‘‘Here’s the irony: His music came into South Africa through bootlegging but it’s South Africa that’s given him the voice to say ‘This is wrong!’ and people get that, they understand now.’’
He said at least 200,000 copies of both albums have sold in the last year or so.
But Rodriguez appears untouched by the money, Segerman said. Now in his 70s with failing eyesight, Rodriguez continues to live in the same old house he’s occupied for decades in Detroit, and gives most of the money away to relatives and friends, said Segerman.
In South Africa in the old days, his fans isolated by sanctions and censorship believed Rodriguez was as famous at home as he was in their country. They heard stories that the musician had died dramatically: He'd shot himself in the head onstage in Moscow; He'd set himself aflame and burned to death before an audience someplace else; He'd died of a drug overdose, was in a mental institution, was incarcerated for murdering his girlfriend.
In 1996, in the newly liberated South Africa, Segerman and journalist Carl Bartholomew-Strydom set out separately to find out the truth and then got together to solve the mystery. Nearly two years of frustration and dead ends finally led to Detroit, where they found Rodriguez — sane, free and working on construction sites in his home town.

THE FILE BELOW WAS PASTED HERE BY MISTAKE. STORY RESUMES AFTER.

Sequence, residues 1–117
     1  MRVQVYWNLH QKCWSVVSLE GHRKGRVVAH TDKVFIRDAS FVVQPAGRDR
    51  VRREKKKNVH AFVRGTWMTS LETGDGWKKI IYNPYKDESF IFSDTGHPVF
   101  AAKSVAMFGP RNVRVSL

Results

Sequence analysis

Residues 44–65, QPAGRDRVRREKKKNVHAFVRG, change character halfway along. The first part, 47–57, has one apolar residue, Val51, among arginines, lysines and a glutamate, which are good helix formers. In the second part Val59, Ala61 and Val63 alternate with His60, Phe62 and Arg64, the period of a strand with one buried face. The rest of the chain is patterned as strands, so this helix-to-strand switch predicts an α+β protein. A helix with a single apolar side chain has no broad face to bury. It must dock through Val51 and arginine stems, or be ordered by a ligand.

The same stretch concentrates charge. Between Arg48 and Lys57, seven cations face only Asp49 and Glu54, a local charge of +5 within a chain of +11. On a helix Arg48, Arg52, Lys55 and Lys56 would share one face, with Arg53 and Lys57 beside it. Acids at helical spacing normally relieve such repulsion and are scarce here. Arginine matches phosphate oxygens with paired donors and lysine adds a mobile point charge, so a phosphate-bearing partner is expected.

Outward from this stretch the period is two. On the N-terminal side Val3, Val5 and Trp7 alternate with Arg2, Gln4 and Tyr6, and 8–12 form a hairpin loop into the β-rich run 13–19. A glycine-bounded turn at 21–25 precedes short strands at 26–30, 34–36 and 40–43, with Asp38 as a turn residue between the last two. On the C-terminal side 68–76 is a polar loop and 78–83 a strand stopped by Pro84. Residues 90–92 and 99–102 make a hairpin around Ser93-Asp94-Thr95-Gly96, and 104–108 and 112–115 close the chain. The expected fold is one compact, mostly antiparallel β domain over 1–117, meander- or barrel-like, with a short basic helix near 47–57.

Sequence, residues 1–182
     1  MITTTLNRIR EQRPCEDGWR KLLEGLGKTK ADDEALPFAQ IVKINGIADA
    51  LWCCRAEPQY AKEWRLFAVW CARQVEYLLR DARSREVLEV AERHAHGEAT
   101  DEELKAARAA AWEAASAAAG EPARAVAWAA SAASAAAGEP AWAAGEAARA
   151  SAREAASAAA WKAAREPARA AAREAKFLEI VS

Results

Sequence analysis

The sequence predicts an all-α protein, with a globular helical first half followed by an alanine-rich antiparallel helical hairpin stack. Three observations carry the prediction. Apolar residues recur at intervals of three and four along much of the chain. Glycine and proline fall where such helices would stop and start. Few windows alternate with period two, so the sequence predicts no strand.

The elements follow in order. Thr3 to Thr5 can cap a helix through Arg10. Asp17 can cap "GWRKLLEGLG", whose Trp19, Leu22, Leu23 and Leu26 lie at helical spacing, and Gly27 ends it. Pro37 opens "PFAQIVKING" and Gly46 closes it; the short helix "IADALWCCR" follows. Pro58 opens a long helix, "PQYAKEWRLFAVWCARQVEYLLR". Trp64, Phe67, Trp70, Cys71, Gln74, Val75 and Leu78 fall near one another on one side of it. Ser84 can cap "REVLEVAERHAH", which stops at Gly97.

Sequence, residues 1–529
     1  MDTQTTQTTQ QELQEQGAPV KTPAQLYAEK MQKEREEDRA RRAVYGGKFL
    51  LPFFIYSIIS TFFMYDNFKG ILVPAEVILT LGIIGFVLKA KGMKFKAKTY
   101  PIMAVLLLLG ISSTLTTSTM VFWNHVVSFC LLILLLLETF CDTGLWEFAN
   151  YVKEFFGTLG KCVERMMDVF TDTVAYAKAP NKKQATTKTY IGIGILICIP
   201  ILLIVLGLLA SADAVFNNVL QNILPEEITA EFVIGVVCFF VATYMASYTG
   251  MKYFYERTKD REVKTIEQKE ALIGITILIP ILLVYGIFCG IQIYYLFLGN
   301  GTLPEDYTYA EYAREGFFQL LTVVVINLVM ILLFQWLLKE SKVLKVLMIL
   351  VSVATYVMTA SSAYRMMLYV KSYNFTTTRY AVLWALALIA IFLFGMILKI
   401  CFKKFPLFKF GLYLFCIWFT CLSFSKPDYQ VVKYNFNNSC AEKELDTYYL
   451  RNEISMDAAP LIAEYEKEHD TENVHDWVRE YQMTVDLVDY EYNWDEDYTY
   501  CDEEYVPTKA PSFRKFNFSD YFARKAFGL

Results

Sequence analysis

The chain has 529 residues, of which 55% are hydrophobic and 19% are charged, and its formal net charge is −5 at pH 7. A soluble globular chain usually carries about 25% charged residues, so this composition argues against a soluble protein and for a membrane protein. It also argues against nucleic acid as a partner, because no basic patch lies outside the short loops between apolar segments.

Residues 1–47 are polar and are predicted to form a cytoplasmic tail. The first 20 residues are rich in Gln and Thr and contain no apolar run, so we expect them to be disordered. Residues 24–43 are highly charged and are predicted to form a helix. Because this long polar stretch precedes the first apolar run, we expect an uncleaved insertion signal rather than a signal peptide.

‘‘It’s rock-and-roll history now. Who would-a thought?’’ Rodriguez said, struggling to explain his improbable tale even several months before the documentary was nominated for an Oscar. How does an anonymous laborer in the Motor City who failed to make it in folk music unknowingly became a mysterious musical prophet in South Africa? And how does the persistence of two fans thousands of miles and an ocean away lead to redemption and a Hollywood-style victory for his long-ignored talent?
Those who produced his records could not believe they flopped. ‘‘This guy was like a wise man, a prophet, I've never worked with anyone as talented,’’ Steve Rowland, who produced hits for Jerry Lee Lewis and Peter Frampton, says in the documentary. He produced Rodriguez’s second and last album.
Rodriguez was the first artist signed to Sussex Records. Its second was Bill Withers.
Rodriguez said he wasn’t wallowing in self-pity after his music career fizzled — he just ‘‘went back to work.’’ He raised a family that includes three daughters, launched several unsuccessful campaigns for public office, obtained a philosophy degree and reverted to manual labor in Detroit. He gave up the dream of living off his music but never stopped playing it.
‘‘I felt I was ready for the world, but the world wasn’t ready for me,’’ Rodriguez said. ‘‘I feel we all have a mission — we have obligations,’’ he said. ‘‘Those turns on the journey, different twists — life is not linear.’’
Karoub reported from Detroit.